Hyland was discussing the NCUA's plan to not renew the CUSIP program, saying, "The Treasury is anxious to not keep lending to us." The Treasury has been patient with the NCUA, but it is "keen to know a long-term plan for corporate stabilization," she added. Next month's proposed corporate rule changes are a step in that direction, Hyland said.
The U.S. Central notes were issued to stabilize liquidity going forward "because we know the SIP program will roll off the books," she said. The Oct. 14 bond issuance was a combination of three separate offerings for a total of $4 billion.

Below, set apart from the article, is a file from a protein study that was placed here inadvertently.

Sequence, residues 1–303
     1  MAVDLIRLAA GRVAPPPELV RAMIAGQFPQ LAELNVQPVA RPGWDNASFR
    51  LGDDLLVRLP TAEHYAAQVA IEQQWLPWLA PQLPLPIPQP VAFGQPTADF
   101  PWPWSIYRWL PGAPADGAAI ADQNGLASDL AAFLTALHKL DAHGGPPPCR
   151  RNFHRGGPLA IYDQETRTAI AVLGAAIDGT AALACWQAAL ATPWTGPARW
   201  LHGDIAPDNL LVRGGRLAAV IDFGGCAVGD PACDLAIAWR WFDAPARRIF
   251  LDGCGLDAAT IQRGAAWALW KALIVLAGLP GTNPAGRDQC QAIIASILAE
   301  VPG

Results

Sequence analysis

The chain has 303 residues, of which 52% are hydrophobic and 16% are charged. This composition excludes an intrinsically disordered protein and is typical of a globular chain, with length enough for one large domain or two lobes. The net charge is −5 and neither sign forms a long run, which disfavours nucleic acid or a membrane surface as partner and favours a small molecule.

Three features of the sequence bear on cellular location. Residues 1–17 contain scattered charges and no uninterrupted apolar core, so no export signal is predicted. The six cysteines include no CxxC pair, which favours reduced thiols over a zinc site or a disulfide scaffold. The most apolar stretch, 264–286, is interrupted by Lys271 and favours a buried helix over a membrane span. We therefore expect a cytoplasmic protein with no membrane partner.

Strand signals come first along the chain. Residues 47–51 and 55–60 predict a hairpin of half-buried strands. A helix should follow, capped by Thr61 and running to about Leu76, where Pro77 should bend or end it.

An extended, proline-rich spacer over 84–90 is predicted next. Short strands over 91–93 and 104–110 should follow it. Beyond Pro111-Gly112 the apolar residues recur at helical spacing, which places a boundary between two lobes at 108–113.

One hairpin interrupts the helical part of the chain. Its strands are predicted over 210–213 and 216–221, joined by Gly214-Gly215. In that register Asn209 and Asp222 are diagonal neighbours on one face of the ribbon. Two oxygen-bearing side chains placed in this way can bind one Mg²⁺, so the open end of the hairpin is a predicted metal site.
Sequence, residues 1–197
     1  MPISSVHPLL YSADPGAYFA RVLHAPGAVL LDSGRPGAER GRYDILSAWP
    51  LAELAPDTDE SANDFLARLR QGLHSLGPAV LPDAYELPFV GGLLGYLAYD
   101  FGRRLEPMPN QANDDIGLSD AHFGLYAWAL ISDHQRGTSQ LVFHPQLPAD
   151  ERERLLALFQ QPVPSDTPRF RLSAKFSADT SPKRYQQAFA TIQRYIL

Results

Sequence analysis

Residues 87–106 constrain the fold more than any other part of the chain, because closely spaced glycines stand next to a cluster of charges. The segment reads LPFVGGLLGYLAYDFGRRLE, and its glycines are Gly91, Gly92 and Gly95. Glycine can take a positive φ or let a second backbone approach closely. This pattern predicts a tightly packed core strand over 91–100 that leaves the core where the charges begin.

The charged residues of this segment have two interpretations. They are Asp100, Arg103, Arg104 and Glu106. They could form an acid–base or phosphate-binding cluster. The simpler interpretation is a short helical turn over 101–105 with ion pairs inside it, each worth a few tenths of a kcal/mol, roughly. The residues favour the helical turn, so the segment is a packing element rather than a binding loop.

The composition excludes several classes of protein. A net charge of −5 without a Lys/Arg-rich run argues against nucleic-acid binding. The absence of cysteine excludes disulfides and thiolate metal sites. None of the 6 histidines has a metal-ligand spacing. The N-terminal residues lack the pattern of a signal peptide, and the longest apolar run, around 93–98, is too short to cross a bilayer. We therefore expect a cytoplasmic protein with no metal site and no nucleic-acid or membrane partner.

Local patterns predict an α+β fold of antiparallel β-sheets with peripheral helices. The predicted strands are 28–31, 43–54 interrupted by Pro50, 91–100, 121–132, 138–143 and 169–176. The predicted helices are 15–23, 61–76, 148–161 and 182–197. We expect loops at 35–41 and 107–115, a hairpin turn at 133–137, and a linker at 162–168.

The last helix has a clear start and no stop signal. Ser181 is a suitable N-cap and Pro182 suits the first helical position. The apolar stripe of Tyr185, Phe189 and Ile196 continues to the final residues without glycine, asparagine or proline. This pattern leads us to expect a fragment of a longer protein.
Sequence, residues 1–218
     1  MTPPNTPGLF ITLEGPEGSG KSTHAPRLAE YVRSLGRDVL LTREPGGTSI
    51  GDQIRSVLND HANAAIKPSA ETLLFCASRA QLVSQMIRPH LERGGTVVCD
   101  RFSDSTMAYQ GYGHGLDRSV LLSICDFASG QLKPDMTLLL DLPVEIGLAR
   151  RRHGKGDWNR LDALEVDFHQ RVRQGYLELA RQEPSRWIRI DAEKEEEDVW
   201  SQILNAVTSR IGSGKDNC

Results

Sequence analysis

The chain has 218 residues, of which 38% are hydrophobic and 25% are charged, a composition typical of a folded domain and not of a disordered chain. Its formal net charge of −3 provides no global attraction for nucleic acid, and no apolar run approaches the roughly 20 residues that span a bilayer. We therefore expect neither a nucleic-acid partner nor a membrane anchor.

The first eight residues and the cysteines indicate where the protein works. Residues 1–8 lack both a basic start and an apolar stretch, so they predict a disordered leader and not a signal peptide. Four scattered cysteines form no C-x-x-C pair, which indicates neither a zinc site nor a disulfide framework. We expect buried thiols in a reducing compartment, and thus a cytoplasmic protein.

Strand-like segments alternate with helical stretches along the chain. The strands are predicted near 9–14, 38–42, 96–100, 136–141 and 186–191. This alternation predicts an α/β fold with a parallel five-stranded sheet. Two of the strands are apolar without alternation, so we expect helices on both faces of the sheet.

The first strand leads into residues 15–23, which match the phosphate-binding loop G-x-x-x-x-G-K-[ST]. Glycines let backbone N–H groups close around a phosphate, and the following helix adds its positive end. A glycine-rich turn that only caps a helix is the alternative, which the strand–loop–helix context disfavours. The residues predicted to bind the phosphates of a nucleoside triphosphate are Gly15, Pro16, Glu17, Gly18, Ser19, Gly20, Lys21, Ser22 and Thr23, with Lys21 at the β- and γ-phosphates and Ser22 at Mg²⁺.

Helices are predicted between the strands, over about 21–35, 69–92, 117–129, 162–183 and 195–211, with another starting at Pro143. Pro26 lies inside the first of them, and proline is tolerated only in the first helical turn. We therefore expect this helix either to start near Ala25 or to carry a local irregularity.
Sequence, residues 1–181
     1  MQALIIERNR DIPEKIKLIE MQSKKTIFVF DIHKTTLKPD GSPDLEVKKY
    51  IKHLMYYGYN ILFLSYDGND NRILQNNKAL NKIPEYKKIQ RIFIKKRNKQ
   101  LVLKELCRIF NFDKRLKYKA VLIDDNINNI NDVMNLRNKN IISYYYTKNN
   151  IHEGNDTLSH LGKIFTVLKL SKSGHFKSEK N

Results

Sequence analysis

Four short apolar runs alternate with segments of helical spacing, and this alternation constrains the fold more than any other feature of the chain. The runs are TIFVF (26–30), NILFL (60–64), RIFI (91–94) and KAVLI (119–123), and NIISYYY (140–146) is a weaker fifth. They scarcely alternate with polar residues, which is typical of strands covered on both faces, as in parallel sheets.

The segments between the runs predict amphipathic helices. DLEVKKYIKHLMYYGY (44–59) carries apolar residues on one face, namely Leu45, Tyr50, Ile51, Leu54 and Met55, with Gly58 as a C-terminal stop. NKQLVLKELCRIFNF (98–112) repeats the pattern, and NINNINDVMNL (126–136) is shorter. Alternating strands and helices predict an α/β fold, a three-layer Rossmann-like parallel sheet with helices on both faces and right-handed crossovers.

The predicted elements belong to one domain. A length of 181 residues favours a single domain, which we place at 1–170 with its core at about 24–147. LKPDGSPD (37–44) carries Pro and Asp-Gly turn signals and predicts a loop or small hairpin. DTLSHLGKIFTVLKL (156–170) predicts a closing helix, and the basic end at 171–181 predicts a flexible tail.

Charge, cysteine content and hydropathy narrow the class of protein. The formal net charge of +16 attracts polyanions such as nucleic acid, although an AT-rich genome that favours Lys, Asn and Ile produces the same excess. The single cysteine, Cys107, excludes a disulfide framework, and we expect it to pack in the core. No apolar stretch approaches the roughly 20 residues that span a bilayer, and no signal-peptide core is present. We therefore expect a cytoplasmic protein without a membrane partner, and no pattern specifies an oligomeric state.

Charlie Felker, managing director of regulatory affairs for First Empire Securities, told Credit Union Times shortly after U.S. Central issued the debt that it did so to mask a growing liquidity problem.
Felker said he's observed withdrawal pressure within the corporate system because the wholesale credit unions are paying "submarket" rates on deposits, and many natural person credit unions "aren't willing to take another one for the team."